This week we pondered the problem of doubt that Thomas struggled with when he was not present that first Easter evening when Jesus suddenly appeared amidst the followers gathered behind locked doors. It is like missing the party and feeling left out, absent, isolated by covid. Doubt wrestles with faith as friends that share the story of this marvelous experience. Thomas won’t believe until he sees for himself and his faith is like a wisp of hope the size of a tiny mustard seed. Amazingly a week later when everyone is gathered again behind locked doors, Jesus returns to offer Thomas his hands and side to touch and feel and know that Jesus is alive, risen and active.
Doubts eat away our peace and joy. Katharina von Schlegel, a composer in the German Pietistic Revival in Germany in the 1700s, wrote Be Still My Soul. Jane L. Borthwick translated her verse into English a century later. The song was set to one movement from Jean Sibelius’ Finlandia, Finland’s best-known composer. Three people from three countries and from different time periods combined their talents to develop this beloved hymn.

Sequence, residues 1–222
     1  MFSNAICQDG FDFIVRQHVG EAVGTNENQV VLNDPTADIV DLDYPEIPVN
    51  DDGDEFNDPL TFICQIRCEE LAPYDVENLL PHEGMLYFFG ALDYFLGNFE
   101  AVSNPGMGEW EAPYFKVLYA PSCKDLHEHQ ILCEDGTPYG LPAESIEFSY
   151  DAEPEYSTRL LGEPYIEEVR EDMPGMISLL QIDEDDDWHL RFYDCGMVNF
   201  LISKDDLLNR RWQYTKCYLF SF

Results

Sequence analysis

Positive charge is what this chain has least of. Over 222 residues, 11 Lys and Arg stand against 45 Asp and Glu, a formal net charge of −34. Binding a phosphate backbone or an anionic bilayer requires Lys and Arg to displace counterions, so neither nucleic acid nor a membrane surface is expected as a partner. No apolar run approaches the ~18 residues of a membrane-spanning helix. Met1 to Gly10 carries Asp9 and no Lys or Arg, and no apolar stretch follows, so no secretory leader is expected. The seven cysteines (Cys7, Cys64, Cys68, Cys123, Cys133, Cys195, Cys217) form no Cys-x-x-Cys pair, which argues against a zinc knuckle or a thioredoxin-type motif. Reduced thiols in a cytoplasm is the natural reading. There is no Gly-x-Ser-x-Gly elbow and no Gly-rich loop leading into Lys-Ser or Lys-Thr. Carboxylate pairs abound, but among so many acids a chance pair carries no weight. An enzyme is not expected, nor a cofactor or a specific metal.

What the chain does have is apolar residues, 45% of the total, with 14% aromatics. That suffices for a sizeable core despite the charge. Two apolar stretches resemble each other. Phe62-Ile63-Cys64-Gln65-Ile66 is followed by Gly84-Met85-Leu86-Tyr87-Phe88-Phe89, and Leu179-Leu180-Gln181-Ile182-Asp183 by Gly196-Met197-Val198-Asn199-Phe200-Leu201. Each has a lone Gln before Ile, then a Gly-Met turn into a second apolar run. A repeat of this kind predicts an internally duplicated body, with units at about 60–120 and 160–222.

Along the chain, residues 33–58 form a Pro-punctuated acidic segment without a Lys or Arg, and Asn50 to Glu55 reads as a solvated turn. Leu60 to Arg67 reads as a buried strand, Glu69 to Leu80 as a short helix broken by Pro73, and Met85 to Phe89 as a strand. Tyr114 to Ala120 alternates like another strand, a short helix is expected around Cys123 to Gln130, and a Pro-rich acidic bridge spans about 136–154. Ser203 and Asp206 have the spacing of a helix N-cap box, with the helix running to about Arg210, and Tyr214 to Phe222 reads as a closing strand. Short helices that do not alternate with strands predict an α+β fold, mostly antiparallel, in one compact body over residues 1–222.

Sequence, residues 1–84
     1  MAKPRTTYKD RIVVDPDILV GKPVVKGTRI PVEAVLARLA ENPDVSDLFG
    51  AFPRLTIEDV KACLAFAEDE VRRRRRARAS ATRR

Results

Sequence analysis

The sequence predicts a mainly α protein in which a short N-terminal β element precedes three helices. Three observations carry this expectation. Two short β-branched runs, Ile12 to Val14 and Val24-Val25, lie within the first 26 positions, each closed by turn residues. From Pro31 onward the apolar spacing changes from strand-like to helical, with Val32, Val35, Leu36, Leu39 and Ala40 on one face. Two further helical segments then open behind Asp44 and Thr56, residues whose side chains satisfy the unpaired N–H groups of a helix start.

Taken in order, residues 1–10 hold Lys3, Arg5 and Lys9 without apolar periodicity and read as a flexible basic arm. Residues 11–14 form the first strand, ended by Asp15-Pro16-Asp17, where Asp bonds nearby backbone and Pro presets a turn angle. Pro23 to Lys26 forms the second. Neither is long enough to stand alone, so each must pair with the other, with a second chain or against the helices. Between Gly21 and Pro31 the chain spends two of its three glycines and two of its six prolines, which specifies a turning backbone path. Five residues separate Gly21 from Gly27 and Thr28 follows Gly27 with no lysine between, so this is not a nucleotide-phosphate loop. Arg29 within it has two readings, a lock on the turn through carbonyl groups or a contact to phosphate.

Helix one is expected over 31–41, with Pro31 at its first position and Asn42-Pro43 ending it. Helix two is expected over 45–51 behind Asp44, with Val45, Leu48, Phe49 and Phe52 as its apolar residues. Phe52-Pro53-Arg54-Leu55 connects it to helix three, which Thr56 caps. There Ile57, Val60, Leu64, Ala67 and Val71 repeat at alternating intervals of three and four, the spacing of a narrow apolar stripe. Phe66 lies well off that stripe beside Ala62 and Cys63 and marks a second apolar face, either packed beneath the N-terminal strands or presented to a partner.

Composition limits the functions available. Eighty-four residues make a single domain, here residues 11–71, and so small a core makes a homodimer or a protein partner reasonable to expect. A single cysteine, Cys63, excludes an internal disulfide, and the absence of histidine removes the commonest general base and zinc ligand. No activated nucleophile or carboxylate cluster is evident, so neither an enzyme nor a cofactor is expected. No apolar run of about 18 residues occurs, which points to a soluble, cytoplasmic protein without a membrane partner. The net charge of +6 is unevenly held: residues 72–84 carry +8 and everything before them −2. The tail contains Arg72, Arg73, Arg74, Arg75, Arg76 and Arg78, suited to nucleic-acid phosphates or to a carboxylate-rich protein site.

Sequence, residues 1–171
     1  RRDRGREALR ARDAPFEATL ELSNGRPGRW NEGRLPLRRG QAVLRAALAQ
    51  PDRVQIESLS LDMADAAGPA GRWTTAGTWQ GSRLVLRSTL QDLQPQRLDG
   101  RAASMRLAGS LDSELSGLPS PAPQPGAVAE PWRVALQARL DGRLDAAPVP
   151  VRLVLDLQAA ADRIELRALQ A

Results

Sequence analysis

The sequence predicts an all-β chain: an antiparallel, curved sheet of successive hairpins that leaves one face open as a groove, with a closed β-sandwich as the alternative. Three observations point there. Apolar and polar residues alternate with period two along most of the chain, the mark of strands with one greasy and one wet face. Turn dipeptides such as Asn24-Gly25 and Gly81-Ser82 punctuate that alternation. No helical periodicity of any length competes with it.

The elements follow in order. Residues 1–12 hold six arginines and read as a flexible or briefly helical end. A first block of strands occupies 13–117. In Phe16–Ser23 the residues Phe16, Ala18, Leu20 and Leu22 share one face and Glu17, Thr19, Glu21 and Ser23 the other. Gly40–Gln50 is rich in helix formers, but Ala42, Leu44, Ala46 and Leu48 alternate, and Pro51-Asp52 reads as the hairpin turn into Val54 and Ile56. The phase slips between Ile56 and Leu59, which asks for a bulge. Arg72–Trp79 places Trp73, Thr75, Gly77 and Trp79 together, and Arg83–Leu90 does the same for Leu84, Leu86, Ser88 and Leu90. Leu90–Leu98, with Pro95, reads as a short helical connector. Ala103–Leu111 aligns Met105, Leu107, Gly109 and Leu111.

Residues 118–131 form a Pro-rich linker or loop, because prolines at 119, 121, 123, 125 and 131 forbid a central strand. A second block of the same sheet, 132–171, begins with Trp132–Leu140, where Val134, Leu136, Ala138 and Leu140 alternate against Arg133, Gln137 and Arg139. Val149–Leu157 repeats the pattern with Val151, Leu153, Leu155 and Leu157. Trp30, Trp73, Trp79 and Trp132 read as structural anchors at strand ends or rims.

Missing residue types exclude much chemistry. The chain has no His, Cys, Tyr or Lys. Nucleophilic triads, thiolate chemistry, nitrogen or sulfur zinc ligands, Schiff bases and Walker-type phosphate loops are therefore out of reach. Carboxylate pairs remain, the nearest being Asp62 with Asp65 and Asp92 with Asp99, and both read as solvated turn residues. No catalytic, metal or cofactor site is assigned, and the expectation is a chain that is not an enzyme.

In the midst of doubt, chaos and upheaval, we can be still and know that Christ can walk through locked doors to meet us in our weakness. May you hear Christ whisper into your life, “Peace be with you.”